2021 CMSC Annual Meeting

US Real World Experience Switching from Infusion and S1P Therapies to Cladribine Tablets: A Single Center Study

Background:
Multiple sclerosis (MS) is a chronic neurological disorder and a major cause of disability in young adults. Cladribine tablets received approval in the United States (US) in March 2019 and are indicated for the treatment of relapsing forms of MS. The dosage of cladribine tablets is 3.5 mg/kg over 2 years with 1.75 mg/kg being administered each year. Cladribine tablets are thought to work as an immune reconstitution therapy with clinical efficacy sustained beyond total lymphocyte recovery suggesting a qualitative immune change that may persist long after the last cladribine tablet dose.
Objectives:
To describe treatment patterns for cladribine tablets in a real-world US setting. In the phase 3 clinical trials patients were either treatment naïve or transitioned from platform injectable therapies. The goal of this study is to present early real-world experience in patients initiating cladribine tablets with prior use S1P or infusion disease modifying therapies (DMTs). Outcomes include patient characteristics at treatment initiation, previous DMT use, tolerability and safety, lymphocyte dynamics and preliminary efficacy data.
Methods: none
Results:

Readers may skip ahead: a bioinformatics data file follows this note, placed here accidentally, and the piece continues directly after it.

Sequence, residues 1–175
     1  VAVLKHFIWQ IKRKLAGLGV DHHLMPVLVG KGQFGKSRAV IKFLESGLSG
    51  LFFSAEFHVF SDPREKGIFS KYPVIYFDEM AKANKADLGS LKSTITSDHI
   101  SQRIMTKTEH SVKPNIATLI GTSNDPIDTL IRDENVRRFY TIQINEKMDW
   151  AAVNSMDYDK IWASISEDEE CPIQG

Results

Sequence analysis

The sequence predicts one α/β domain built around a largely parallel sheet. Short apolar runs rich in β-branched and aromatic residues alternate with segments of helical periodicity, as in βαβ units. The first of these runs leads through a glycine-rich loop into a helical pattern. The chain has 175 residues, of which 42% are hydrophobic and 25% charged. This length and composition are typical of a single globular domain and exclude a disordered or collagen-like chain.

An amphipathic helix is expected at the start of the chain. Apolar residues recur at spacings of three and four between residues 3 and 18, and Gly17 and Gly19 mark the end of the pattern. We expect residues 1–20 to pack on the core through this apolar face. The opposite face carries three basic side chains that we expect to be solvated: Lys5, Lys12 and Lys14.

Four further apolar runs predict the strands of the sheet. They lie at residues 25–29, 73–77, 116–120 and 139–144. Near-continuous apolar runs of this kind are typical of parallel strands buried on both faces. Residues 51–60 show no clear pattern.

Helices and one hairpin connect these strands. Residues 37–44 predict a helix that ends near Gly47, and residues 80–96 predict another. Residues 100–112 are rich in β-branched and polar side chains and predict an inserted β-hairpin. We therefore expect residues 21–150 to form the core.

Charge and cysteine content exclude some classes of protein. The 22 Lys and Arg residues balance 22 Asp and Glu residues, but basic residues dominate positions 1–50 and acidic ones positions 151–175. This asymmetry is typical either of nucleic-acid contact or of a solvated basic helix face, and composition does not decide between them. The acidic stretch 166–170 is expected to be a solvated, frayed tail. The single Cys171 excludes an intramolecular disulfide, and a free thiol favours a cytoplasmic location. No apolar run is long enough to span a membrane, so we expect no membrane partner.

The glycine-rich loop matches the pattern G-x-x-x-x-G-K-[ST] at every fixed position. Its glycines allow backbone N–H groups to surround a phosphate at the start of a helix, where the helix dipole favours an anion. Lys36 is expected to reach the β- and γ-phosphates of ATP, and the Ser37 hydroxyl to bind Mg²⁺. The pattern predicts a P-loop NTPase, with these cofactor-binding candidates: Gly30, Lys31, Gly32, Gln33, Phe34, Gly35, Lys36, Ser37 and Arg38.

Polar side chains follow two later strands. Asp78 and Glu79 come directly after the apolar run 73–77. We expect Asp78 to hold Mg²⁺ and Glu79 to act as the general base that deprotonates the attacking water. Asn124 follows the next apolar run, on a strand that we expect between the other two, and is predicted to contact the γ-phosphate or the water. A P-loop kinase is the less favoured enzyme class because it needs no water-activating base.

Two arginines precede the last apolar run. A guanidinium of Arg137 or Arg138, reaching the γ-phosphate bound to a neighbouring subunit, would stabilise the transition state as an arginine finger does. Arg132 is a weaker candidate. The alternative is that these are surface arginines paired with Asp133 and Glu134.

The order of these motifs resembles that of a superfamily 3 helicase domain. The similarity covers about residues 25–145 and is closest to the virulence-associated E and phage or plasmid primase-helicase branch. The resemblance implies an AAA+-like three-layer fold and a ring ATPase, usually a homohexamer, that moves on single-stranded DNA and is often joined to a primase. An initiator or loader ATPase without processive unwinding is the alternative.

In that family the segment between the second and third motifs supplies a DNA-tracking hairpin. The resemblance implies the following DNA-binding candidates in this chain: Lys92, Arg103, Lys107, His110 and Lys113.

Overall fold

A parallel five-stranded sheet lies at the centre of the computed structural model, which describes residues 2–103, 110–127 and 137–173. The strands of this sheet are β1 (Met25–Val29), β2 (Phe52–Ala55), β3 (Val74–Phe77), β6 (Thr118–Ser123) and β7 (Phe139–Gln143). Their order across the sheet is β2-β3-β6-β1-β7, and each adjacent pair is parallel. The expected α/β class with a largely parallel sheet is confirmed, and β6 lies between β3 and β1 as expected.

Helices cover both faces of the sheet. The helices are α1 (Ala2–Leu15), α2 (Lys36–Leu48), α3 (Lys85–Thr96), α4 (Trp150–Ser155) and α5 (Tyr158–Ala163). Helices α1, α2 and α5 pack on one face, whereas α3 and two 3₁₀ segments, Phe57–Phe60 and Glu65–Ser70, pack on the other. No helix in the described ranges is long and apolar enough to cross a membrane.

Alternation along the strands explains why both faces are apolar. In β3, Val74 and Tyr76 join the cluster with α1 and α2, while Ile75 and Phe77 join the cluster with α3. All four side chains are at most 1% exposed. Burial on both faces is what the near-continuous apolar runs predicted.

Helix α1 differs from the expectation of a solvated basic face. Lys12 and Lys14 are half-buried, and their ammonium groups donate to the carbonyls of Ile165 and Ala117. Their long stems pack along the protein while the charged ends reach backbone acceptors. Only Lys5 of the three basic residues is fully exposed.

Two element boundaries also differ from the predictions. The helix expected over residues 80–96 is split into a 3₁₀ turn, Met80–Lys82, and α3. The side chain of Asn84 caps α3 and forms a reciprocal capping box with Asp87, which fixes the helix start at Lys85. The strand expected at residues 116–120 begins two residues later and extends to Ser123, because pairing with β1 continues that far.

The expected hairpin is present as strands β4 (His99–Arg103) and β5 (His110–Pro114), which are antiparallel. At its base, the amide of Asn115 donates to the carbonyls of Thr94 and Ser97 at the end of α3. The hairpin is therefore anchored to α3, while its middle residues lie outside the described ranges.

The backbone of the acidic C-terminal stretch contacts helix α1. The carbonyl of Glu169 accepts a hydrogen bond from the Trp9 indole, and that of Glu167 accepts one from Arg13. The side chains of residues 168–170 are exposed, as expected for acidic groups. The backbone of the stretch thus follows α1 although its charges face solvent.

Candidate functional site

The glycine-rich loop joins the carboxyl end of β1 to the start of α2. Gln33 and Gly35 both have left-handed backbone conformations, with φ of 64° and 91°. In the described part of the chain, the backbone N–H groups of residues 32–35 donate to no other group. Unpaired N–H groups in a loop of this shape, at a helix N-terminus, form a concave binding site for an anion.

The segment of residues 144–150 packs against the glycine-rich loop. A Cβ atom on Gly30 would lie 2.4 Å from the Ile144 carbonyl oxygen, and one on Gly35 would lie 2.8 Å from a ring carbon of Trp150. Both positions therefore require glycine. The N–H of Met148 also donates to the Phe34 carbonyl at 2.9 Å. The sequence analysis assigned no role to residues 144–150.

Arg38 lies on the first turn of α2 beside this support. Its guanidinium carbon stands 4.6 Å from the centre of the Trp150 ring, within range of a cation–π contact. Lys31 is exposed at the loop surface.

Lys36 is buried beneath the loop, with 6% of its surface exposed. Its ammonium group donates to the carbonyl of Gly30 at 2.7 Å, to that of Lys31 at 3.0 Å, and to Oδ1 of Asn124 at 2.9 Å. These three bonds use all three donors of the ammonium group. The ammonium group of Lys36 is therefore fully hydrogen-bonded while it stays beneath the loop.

In all, 48 patients have initiated therapy with cladribine tablets following prior treatment with a S1P (n=31) or infusion (n=17) DMT. Mean age at cladribine tablets initiation was 49.7 years (range 26-67) with mean disease duration of 15.6 years (range 1-37). Relapses occurred in 6 patients (12.5%) following cladribine tablets initiation with a mean follow-up of 268.9 days. Lymphopenia has been observed in 37 patients (77.1%) with no patients experiencing grade 4 lymphopenia. One patient (2.1%) stopped therapy because of adverse events (AEs).
Conclusions:
The use of real-world data will continue to complement the knowledge gained from randomized controlled trials and help inform therapeutic development, contribute to safety surveillance, and identify which patients will benefit most from a certain treatment. In this cohort of patients starting cladribine tablets, treatment was well tolerated with a side effect profile generally reflecting findings from the clinical trial program. Ongoing follow up will further refine and expand on these results as more patients complete 2 full treatment courses of cladribine tablets.